Mixers is a line of modular jewelry. The product's novelty presented some incredibly fun and unique challenges across both print and web to communicate and sell a product unlike anything else out there. I worked with Megan Cummins to develop the brand, strategy and collateral to bring this line to market.

Touchpoints Include
  • Identity & Branding
  • Builder App
  • Packaging
  • Video & Motion


Builder App

Mixers let you mix different bases (necklace chains, bracelets) and baubles to design your jewelry. In addition to needing a customizable commerce experience, we knew half the fun of Mixers would be making and sharing different designs. We developed a step-by-step strategy to communicate how to design Mixers that would be applied to both the packaging and in store materials as well as the digital builder experience.

Choose a Base

Customers start by choosing different chain styles or bracelets. Each base has a variety of potential drop points for Mixers. Across the brand in print and online, bases are always represented as "part I" with a pink color.

Add Mixers

Depending on the base, they can be snapped on almost anywhere. When a user begins dragging a Mixer, available drop points highlight. Across the brand in print and online, Mixers are always represented as "part II" with a mint color.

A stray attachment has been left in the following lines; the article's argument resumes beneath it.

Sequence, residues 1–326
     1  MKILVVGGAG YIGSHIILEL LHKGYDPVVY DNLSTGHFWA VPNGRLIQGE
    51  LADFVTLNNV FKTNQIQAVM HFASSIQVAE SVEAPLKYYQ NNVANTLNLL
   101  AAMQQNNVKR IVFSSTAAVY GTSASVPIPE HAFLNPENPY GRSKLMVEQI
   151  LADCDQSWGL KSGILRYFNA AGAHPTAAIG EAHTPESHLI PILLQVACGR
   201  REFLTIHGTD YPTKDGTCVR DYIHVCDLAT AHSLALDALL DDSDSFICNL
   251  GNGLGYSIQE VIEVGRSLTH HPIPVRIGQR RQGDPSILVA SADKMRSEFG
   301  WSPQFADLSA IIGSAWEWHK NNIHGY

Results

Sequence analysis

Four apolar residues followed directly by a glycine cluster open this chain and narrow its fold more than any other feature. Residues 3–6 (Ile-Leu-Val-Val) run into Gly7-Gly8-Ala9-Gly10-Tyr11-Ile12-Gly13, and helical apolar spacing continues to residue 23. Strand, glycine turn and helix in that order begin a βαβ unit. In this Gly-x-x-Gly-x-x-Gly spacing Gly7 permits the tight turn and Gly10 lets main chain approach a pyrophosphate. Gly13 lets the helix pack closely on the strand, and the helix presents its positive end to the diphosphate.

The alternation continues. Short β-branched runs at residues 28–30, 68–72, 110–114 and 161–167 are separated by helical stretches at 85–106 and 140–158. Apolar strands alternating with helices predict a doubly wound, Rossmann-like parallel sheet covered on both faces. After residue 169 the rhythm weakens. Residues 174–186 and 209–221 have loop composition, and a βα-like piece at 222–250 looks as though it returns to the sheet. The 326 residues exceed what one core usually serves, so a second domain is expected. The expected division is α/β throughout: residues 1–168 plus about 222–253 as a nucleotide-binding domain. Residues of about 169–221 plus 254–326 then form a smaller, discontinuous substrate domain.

Save and Share

In addition to sharing, we wanted to make sure other users could use a shared design as a starting point—bouncing different ideas back and forth.

App Development


The user's design in progress was the main canvas for the app, with UI taking up as little space as possible.

We used subtle (and not so subtle) contextual animations to avoid too much instructional text.



The physical experience was more challenging than the digital one, and really helped develop the over-arching story of Mixers. We had to decide how to sell items—how many would come in a set, what was the best value for an end customer and the best margins for the business, etc.

We also knew we'd have much less control over the physical experience. We needed to communicate and sell the idea to wholesale boutiques who could then place the line in their store in any number of ways—and we needed to ensure customers would understand the idea of Mixers and their possibilities without relying on signage and displays.

We focused the story on steps — first, choosing a base, and then adding Mixers. We used a bright, color coded roman numeral graphic on black so that customers would understand the process no matter how products were displayed in store. We settled on selling Mixers in sets of 3s and 5s for both cost, and because the odd numbers let customers design the most interesting looking pieces.



While cutting from shot to shot on beat with music isn't exactly innovative, it helped to perfectly convey that Mixers can quickly change—and it allowed us to introduce the concept and show off dozens of combinations with a pop.